By Brian Love
PARIS, Mar 13 (Reuters) Europe created a common currency but seems unwilling to accept one of the logical consequences -- industrial consolidation and cross-border takeovers where it's size and reach that count, not national interests.
Government hostility to German and Italian bids for France's Suez and Spain's Endesa groups suggests the birth of ''Europe Inc.'' will be harder than that of the euro and the surrender of national control over monetary policy in 1999.
''One could have expected this giant step forward to play the role of the mother of all structural reform,'' said Jean Pisani-Ferry, director of the Bruegel economic think-tank in Brussels. ''In fact, the opposite has happened.'' On top of the French and Spanish controversies, the government in Warsaw has attacked an Italian takeover of a Polish bank, which is part of a larger and long-agreed takeover of Germany's HVB group by Italy's UniCredito.
Pisani-Ferry argues that Europe's leaders took their foot off the accelerator once the euro was born and that this lack of purpose, combined with years of poor economic growth, has undermined Europe's legitimacy.
''All in all, the economic implications of the euro have been underestimated and the same can be said of the degree of political commitment it requires,'' he says.
ACT LOCAL, WORRY GLOBAL That raises the question of how an economic project can work without a political structure to foster it.
European Commission President Jose Manuel Barroso would like to think the reactions of France, Spain, Poland and others to foreign takeovers are what he calls the EU's growing pains.
The issue is arguably bigger nowadays than the limitations of the euro zone or 25-nation EU at a political level, however.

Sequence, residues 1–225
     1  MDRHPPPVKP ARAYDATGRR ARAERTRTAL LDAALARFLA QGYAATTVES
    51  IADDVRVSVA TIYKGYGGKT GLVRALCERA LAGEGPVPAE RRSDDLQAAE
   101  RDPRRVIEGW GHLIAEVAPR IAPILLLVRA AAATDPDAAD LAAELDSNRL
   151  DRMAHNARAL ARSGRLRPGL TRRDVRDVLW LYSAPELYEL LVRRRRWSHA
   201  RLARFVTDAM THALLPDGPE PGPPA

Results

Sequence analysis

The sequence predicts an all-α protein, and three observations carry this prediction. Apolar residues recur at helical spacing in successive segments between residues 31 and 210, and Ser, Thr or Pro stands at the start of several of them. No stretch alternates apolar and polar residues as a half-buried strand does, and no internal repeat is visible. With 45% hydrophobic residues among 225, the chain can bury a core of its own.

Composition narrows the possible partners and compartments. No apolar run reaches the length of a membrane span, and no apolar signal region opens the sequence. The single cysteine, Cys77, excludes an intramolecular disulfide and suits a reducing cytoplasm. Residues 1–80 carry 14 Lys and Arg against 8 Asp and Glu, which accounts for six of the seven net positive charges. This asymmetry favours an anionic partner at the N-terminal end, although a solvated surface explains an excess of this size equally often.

With popular concern over globalisation and security, there is fertile ground for nationalism, patriotism or protectionism.
''As economic competition increases and the pace of change accelerates, governments are trying to tighten their grip on what levers they have,'' says Katinka Barysch, an economist at the Centre for European Reform, a think-tank in London.
Companies increasingly think globally when it comes to opening a factory or where they hire labour. Transport and freight are much cheaper. China and India, the world's most populous economies, are opening and expanding at breakneck speed.
That is triggering big shifts in the location of labour and production, stretching the gap between governments who answer to national constituencies and businesses that fight it out on an international scale.
Hand-in-hand with concern over economic globalisation is the U.S. war on terror, and heightened security fears in the world.
Dubai has decided to sell U.S. port management operations which a state-owned Dubai firm was in the process of buying, after a furore among U.S. lawmakers who said this presented a threat to national security.
Objections from Capitol Hill also scuppered a Chinese bid to take over U.S. oil company Unocal a few months ago.
And China, opening up but tightly steered by the Communist Party, is increasingly breeding an economic patriotism of its own, developing homespun technology for high speed trains and mobile phones and starting to question whether it is letting foreign investors buy into its companies too easily and cheaply.